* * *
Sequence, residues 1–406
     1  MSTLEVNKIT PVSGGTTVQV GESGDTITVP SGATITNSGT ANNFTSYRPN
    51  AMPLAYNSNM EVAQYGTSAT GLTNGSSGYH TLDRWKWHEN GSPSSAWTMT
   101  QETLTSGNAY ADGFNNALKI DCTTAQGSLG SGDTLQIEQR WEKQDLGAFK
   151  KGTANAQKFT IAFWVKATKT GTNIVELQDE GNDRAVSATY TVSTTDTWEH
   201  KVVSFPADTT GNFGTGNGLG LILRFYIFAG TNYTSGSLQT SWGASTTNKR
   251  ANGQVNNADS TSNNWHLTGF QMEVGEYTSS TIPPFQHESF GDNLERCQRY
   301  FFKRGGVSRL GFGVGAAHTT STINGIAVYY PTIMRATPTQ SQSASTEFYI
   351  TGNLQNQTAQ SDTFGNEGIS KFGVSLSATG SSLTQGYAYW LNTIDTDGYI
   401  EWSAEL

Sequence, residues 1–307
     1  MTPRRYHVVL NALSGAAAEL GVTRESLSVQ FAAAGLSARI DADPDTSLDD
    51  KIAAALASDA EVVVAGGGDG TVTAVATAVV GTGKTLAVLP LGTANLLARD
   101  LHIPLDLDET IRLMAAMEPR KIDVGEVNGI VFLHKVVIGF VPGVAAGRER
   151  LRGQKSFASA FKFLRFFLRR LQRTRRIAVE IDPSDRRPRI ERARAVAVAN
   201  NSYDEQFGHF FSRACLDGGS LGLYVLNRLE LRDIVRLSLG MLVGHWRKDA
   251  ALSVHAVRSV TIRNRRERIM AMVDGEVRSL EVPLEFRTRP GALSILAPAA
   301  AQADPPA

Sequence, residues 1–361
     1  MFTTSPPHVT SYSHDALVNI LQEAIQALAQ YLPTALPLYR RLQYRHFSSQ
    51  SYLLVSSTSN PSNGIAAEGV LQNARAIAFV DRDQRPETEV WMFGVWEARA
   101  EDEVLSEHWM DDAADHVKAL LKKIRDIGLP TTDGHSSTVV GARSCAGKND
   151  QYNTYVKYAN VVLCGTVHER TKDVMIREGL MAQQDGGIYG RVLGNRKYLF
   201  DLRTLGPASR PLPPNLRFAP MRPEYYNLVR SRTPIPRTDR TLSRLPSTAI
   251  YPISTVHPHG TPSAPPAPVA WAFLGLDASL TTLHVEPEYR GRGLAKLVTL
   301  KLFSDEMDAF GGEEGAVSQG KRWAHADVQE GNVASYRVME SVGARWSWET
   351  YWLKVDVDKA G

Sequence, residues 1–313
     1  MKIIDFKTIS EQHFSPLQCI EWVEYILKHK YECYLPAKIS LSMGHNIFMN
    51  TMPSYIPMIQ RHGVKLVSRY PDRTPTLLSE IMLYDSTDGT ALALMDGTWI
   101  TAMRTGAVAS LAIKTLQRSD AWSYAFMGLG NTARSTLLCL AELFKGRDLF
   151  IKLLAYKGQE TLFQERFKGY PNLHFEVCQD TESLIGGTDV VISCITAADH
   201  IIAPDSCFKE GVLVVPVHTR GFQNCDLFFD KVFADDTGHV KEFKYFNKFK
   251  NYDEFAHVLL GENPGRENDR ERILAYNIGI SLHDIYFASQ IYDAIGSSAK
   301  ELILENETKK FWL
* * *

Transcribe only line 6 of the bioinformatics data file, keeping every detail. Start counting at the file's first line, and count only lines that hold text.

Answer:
   201  KVVSFPADTT GNFGTGNGLG LILRFYIFAG TNYTSGSLQT SWGASTTNKR